You are a different person every time you travel. You were once the baby who everyone cooed at, who was held by a stranger while your mom used the bathroom, who smiled at the person sitting behind you. You were the child who watched Kung Fu Panda five times in a row, who fought with your sister, who kicked the seat in front of you. You were the acne-ridden teen who sent snapchats mid-air, who bled through your sweatpants onto the seat, who fell asleep on the (very attractive) man next to you. You’ve flown in pajamas and sweatsuits, jeans and sneakers, dresses and heels. You’ve eaten vegan salads and Katsu Curry, airplane food, and full meals from home. You’ve cried at the Notebook, cried from a broken heart. You’ve been slovenly and beautiful, you’ve been miserable and mad. Time will keep on passing; you’ll travel with your own children, you’ll go gray, your skin will wrinkle and sag. But forever, in this liminal space, you don’t have to be yourself. You too are a stranger.



Photographers: Lily Fousse, Julia Goujiamanis, Paige Kahn, Ruofei Shang

Models: Dylan Bauza, Mia Croft, Brian Park

Stylists: Jamie Ludwig, Mia Metni, Cooper Sorin

Makeup Artists: Eva Fournel, Jessie Yang

Art Direction: Morgan Broadhead, Mina Chung, Asjha Malcolm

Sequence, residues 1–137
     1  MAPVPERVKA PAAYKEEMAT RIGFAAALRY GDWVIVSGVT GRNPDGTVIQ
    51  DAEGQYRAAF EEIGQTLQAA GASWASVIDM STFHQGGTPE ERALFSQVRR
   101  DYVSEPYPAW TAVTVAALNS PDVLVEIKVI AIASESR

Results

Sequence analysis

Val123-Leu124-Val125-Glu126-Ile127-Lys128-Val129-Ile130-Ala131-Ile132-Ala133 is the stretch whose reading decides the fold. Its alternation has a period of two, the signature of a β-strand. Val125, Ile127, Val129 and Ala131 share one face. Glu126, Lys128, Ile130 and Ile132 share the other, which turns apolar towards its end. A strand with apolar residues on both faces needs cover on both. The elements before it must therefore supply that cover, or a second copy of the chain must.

Writer: Anna Thornley

with writing by Hilary Hagen





Idol (noun)

Definition: an image or representation of a god used as an object of worship or a person or thing that is greatly admired, loved, or revered

Origin: Middle English: from Old French idole, from Latin idolum ‘image, form’ (used in ecclesiastical Latin in the sense ‘idol’), from Greek eidōlon, from eidos ‘form, shape’


Idol, a word originating partially from the Latin word idolum or image, a genesis especially fitting in the context of today’s attention economy that seeks to project a visual aesthetic to assert worth. The social and cultural environment in which one obtains and maintains celebrity status, potentially icon status, has evolved exponentially from when Sonic Youth released “Kill Yr. Idols” in 1983.

Eponymous to its EP, the song “Kill Yr. Idols” is concerned with dismantling the special status of a person or character that often absolves them of criticism or mundanity. Or maybe it really isn’t that deep and “Kill Yr. Idols” is just a petty dig at music journalist and critic Robert Christgau, who gave Sonic Youth a poor review and is thus consequently called out by name. Regardless, this sentiment was championed by the countercultural thinking of the punk movement that centered around the complete expulsion of old paradigms of authority and mainstream celebrities.